Exploring Society By The Numbers

Poverty and Young Adults

Joan Morris, University of Central Florida

Summary

This exercise focuses on the effects of various social characteristics on poverty. It is based on the sociological assumption that patterns exist in relation to poverty in society. There is a wide range of sociological research and media coverage on poverty. It is generally accepted that women are more likely to be poor than men, the better educated are less likely to be poor than the poorly educated, and blacks are more likely to be poor than others. The stereotypical media image of poverty is the inner-city ghetto. Thus there is the widespread assumption that urban people are more likely to be poor than those who live in other types of places.

Learning Goals

Skill
  • Diagram a causal relationship between an independent variable and a dependant variable.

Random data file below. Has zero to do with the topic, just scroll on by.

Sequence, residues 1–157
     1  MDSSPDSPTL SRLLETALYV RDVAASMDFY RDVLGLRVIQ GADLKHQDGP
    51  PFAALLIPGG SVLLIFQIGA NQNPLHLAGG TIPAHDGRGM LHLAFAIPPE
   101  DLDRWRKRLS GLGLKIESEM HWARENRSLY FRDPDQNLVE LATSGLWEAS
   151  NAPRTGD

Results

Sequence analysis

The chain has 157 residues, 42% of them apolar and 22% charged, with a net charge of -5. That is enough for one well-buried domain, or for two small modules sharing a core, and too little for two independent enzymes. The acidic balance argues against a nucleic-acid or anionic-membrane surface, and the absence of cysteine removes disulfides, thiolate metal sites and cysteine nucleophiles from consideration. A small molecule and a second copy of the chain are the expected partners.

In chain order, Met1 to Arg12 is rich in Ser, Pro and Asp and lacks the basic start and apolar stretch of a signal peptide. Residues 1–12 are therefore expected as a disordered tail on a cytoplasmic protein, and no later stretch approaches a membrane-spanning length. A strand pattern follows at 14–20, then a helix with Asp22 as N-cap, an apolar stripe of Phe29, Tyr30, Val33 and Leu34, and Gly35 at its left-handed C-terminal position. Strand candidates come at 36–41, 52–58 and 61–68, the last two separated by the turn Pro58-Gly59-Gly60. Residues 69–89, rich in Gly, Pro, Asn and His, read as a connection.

• Diagram a causal relationship between four independent variables and a dependant variable.
  • Construct a crosstabulation to investigate the relationship between an independent variable and a dependant variable.
Substance
  • Explain the relationship between gender, race/ethnicity, educational level, type of geographic area and poverty among young adults.

Context for Use

This exercise was developed for use in a general sociology course. Students will hypothesize about relationships between race, education, geographic area, and poverty and analyze data sets to determine draw conclusions about variable relationships.

Description and Teaching Materials

Exercises: PDF (Acrobat (PDF) 94kB Mar25 09)
Exercises: DOC (Microsoft Word 59kB Mar25 09)

Teaching Notes and Tips

This activity uses a customized data set made from the 1990 Census and guides students through data manipulation using WebCHIP software found at DataCounts!. To open WebCHIP with the dataset for the activity, please see instructions and links in the exercise documents under teaching materials. For more information on how to use WebCHIP, see the How To section on DataCounts!

Assessment

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References and Resources

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